With most homes now owning at least one tablet PC, it's tempting to assume that e-Readers have gone the way of the PDA.
Why both buying a tablet that can only do one thing – read books – when there are other tablets that can play games, stream movies, send emails as well as read books? It's an easy mistake to make, but it turns out that tablets are horrible for reading books.
The biggest reason is the screen technology used on e-Readers. They all vary, but all are based on the concept of electronic ink, and it's far less taxing on our poor eyeballs than the harsh LCD screens of most tablets.
It's also perfectly readable in bright daylight, unlike the unreadable screens of most tablets, making e-Readers perfect for a spot of reading down the beach or by the pool.
Finally, e-Readers don't need expensive processors to spit out 3D graphics, resulting in much, must lower price points than standard tablets. Well, they didn't – after testing today's most popular e-Readers, it seems many of them want to take on the tablet market.
To test, each e-reader was first connected to our test network, before an account was created, to check how easy the setup process is. With many e-Readers intended for older audiences who may not be computer-savvy, ease of use is a key purchasing factor.
We then browsed the catalogue of each device to see the price and availability of each one's library. Finally we tested the screen, looking at readability under direct sunlight and in darker environments, viewing angle, and overall reading comfort.
Here are the 6 best ebook readers you can buy today.
Amazon Kindle Paperwhite
The original Kindle was the first e-Reader to capture the attention of book worms around the globe. Suddenly they had access to their entire library wherever they went, in the convenient form of a 6-inch tablet.
The Paperwhite is a significant upgrade to the original Kindle, with several key features that make it better than ever.
The most noticeable difference is the new touch screen – no longer do users have to slowly navigate with the clunky switches of the past.
It makes a huge difference to the ease of use, and we were set up and ready to go within minutes. We did encounter one difficulty though – it doesn't support 802.11ac Wi-Fi, so had to switch our router to a slower, older spec, although most people won't have to worry about this.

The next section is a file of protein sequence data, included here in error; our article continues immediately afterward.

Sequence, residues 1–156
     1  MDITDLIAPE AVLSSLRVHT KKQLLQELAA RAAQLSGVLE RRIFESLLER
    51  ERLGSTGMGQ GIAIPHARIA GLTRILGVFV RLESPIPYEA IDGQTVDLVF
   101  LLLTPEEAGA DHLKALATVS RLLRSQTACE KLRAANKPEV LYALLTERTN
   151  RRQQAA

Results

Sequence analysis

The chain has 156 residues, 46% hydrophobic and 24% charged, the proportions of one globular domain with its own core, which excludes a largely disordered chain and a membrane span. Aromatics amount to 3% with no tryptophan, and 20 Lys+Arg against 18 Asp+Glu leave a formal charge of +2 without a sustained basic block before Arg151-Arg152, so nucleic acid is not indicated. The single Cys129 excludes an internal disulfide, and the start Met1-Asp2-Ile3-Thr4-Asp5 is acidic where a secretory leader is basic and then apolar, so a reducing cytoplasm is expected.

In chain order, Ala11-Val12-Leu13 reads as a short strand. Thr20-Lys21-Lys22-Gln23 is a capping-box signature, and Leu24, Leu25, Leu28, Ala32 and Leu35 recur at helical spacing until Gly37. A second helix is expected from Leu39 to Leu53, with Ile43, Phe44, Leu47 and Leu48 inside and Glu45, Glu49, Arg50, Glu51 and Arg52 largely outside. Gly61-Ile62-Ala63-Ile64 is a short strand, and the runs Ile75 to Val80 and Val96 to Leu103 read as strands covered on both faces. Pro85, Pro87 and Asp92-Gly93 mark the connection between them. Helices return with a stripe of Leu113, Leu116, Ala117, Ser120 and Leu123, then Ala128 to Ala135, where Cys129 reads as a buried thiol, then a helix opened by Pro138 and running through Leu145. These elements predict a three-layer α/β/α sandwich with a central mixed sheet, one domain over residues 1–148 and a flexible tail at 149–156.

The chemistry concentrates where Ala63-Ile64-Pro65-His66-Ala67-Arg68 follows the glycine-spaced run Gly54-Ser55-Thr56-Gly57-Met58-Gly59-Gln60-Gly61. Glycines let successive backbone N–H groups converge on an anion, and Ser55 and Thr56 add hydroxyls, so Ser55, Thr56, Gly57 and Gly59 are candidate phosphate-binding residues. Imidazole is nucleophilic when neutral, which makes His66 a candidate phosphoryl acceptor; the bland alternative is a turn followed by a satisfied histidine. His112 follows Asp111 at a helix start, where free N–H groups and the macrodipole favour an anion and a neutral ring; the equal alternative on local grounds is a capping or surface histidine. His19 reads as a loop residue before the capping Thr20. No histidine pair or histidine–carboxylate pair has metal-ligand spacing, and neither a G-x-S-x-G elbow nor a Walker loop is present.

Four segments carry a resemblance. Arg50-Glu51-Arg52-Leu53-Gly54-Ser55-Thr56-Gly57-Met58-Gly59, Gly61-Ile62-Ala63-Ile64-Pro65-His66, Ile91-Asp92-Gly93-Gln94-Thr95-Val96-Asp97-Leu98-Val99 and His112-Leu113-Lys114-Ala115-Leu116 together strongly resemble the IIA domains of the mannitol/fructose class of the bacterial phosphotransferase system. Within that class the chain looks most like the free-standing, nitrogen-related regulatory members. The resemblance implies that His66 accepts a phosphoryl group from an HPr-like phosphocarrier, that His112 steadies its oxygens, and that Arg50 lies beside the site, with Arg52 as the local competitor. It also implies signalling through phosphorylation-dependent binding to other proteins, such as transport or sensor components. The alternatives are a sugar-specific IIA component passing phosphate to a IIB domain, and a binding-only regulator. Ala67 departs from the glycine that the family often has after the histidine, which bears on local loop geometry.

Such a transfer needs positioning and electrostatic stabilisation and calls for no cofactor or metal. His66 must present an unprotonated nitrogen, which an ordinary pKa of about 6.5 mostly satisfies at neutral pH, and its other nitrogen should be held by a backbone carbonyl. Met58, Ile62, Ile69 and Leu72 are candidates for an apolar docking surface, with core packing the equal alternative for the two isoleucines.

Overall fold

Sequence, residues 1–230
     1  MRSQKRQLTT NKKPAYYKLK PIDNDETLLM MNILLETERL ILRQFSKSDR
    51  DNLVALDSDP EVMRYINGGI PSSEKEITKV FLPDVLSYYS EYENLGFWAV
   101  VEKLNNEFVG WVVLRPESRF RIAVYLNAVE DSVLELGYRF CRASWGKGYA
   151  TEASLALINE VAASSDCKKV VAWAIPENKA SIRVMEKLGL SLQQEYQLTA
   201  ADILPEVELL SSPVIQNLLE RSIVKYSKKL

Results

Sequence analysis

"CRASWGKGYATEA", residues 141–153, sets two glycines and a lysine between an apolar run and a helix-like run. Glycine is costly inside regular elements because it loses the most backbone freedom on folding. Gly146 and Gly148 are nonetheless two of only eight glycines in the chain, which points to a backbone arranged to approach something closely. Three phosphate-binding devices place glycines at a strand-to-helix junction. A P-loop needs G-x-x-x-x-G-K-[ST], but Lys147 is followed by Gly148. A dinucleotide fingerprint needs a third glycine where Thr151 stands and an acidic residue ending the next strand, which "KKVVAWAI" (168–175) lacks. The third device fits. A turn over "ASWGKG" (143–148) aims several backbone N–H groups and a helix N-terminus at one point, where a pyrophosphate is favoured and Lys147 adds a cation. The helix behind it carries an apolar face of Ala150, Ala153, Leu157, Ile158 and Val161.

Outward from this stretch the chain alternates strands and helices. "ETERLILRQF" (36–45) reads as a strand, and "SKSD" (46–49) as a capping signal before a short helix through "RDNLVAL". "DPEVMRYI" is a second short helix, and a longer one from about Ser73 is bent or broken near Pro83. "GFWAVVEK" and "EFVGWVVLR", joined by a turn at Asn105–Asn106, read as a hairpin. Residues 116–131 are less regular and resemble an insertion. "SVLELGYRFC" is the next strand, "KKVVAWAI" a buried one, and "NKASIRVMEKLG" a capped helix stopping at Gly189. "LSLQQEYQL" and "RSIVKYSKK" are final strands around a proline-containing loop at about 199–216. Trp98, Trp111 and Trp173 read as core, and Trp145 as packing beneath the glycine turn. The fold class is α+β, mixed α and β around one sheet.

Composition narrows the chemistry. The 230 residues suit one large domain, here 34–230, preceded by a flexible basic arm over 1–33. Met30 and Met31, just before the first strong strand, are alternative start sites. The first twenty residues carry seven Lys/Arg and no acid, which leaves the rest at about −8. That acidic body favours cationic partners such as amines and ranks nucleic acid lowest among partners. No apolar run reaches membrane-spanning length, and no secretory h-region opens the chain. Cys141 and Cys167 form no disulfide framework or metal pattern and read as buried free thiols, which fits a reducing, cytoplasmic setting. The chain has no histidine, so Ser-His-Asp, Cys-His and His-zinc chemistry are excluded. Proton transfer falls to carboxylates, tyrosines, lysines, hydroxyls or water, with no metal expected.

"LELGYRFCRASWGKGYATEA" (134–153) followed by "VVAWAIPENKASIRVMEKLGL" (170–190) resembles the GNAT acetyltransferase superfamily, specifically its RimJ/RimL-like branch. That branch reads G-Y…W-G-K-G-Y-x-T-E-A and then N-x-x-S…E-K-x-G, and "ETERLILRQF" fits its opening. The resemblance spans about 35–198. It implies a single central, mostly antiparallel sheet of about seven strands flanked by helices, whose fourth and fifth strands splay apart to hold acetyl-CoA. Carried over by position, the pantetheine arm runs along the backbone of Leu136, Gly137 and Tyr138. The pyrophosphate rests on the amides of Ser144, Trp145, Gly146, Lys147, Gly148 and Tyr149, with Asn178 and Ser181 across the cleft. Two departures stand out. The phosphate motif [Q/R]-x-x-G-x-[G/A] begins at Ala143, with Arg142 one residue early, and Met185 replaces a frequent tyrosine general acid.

Once ready to go, the new screen quality was very impressive. Improved contrast makes it seem brighter, and a faster processor makes page changes quicker. It's now possible to highlight certain words to find out more about them, such as character names, as well as share key quotes to social networks. There's also an excellent backlight for midnight reading.
As one of the most affordable and easy to use e-Readers on the market, the Paperwhite gets our nod for newcomers to e-Reading.
- Read our Amazon Kindle Paperwhite review
This sexy little red number is the only e-Reader clever enough to include a cover, protecting the screen when it's rattling around in the bottom or your backpack or handbag.
Opening it reveals a true e-Reader screen, using electronic ink to deliver the kind of screen that is kind on the eyes over long viewing sessions.
The 758 x 1024 resolution makes text clear and easy to read, though it lacks the contrast of Amazon's Paperwhite. Night-readers will also miss any form of built-in backlight, though it's possible to buy snap-on lights for a few dollars.
Making it even easier to use, a range of buttons are included on the bottom edge, despite the screen also being touch-capacitive. Newbies can't miss the central home button, so they'll never get lost navigating a mess of screens, unlike some of the more complex tablets.